How is a turbocharger shaft and turbine wheel manufactured?
How is a shaft and wheel manufactured?
More traditional welding techniques had proved less satisfactory, but intensive development of friction welding led to a process that is consistent and reliable.
During the process, friction between a rotating and a stationary component causes the two metals to become red hot, at which stage pressure is applied to forge the parts together.
Typically the shaft length is reduced by 3mm during the process.
Quality is controlled by careful monitoring of the process parameters, notably speed and pressure. To ensure effective process control, random samples of the conjoined turbine/shaft component are regularly tensile tested to destruction.
Surprisingly, a typical friction welded joint with a surface area of only 2cm sq will take a tensile load of over 10 tonnes before fracture.
Furthermore, the joint is usually stronger than the parent metal.
Welding is followed by turning the shaft diameters in a lathe prior to precision grinding to finished tolerances.
Before grinding, the bearing diameter of the shaft is induction hardened to provide the required durable surface match for the journal bearings.
Induction hardening produces a hard surface on the shaft up to 2mm deep, while retaining a softer inner core in the shaft to maintain strength against potential shock load fracture.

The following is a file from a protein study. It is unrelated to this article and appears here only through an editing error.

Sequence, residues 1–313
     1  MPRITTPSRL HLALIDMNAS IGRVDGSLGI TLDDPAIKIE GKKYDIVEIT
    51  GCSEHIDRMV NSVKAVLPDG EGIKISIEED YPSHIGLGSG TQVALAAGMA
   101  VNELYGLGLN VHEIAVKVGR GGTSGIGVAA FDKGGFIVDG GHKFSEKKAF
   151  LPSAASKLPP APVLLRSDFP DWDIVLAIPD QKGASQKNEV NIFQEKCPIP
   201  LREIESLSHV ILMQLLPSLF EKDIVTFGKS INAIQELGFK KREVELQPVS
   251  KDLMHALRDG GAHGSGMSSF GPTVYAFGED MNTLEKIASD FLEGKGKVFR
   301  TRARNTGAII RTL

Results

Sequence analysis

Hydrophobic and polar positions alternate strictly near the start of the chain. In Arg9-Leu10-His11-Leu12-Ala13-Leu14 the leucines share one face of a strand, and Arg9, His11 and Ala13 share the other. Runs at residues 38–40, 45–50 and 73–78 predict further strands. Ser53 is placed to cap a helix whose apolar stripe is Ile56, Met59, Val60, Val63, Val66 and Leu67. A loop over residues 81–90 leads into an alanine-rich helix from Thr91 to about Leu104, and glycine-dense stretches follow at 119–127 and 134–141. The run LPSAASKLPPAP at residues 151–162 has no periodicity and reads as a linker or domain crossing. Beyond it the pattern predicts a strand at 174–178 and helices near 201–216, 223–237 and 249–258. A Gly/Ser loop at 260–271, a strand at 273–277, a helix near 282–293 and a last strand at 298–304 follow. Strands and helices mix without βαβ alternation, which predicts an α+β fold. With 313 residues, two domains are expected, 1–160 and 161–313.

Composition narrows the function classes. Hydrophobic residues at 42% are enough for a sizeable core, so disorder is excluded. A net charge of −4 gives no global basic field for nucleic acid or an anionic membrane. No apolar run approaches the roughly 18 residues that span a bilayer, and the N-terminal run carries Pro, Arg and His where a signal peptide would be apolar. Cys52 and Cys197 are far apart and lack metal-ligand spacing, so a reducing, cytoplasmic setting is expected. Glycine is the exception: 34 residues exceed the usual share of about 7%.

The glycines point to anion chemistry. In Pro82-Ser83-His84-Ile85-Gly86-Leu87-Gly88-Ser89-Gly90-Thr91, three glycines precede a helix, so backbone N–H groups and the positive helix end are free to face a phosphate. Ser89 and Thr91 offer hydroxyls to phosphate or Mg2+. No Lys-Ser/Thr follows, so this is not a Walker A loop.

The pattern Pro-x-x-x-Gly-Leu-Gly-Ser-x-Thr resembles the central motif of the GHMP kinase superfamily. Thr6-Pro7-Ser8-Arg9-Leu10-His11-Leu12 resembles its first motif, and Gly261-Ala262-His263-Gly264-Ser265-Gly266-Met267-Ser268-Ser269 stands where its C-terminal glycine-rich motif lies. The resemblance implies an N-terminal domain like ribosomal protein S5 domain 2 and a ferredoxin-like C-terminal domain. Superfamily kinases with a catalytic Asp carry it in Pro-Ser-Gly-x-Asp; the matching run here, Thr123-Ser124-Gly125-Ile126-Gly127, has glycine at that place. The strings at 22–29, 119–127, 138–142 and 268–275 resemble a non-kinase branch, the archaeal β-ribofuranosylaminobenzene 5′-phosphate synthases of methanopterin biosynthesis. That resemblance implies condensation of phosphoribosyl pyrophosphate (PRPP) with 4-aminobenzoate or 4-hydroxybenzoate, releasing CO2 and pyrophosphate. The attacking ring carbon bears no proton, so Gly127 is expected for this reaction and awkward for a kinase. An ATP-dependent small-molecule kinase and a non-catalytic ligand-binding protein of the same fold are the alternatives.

Final grinding of shaft diameters is done on CNC (computer numerical control) grinding machines able to work to the required size, straightness and roundness tolerances on all shaft diameters.
Quality is assured through the use of multiple function electronic gauges able to measure all the vital dimensions simultaneously.
Statistical process control and calculation of the ongoing capability of the process is provided at the same time.
After the shaft diameters have been finish ground, the turbine wheel profile must be machined; another specialised Inconel machining operation.
The hardness of the material means that the profile must be ground.
Tolerances on size and concentricity must be maintained during the process to ensure an accurate match between the turbine wheel and its housing, thereby guaranteeing consistently high turbine efficiency.
Seal ring grooves in the hub of the shaft may be turned or ground.
Once again tight tolerances are essential on dimensions and surface quality as they influence oil leakage control in the finished turbocharger.
Threads are then rolled on to the impeller end of the shaft. A strong concentric thread is required to retain the impeller, especially so in the face of customer demand for increased turbocharger performance necessitating larger impellers with small compressor clearances.
The final manufacturing operation is to balance the turbine wheel so that the shaft and wheel assembly is capable of running at operating speeds without vibration or excessive shaft movement in the bearing system.
The shaft is dynamically balanced in two planes; at the nose and back face of the turbine wheel.
This is undertaken on semi or fully automatic machines that measure balance of the turbine wheel, simultaneously calculating the precise amount of material required to be ground from each plane of the turbine wheel to bring it into balance.
Almost every dimension on the shaft and wheel is critical to turbocharger performance and durability.
The manufacturing tolerances being achieved today are close to the best achievable in any volume manufacturing process.